“What it is about is better and more effective government. The problem is that the cultural change has not taken place in government. There isn’t a level playing field for open source software. As it stands, too many companies are frozen out of government IT contracts, stifling competition and driving up costs.

“Taking into account the experience of companies and public sector bodies, it is estimated that the Government could save at least 5% of its annual IT bill if more open source software was used as part of a more effective procurement strategy. That adds up to over £600m a year. The internet age is transforming politics and has the capacity to transform government. Let’s start being open source right now.”

George Osborne talking about new media

Instead of experts deciding which order to rank the web pages in, the on-line community decides collectively by its actions.
Another example is Linux. Linux is the open-source operating system that is the main rival to Microsoft Windows.
Linux is constantly updated and improved. Yet no one owns Linux. No one is directing the improvements or updates. The code is available on-line and thousands of independent programmers make changes, fix bugs, and add new features – all for no personal gain.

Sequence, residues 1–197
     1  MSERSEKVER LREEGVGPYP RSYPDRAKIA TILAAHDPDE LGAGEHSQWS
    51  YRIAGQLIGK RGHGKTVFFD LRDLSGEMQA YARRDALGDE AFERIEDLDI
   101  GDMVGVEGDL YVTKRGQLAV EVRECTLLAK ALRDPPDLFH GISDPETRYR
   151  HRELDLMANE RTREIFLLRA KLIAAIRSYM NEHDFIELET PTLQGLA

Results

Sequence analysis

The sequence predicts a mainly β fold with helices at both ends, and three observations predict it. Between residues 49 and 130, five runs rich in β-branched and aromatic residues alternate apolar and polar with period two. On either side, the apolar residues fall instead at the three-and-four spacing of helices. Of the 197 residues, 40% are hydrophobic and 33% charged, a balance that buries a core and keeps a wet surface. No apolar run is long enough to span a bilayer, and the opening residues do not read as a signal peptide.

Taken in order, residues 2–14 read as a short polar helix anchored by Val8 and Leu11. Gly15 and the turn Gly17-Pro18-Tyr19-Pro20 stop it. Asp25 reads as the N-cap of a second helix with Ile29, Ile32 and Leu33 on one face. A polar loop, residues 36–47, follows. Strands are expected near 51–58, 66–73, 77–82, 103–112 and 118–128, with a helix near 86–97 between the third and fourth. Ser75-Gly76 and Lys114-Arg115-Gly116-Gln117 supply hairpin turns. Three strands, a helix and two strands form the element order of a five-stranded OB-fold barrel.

Full details on the Conservatives website


OK the Green Party may not be seen as a major party in the UK but it would still be a shame not to give them a mention when presumably they would be so supportive of any open source initiatives. To be fair there is not a great deal of information about open source to be found from the greens but that maybe understandable given their resources and what they may see as the core messages. Never the less there are a few sound bites about such as:

Open source software should be more widely available in order to help reduce the ‘digital divide’, according to Dr Caroline Lucas, Green MEP forthe South East. Liberal Democrats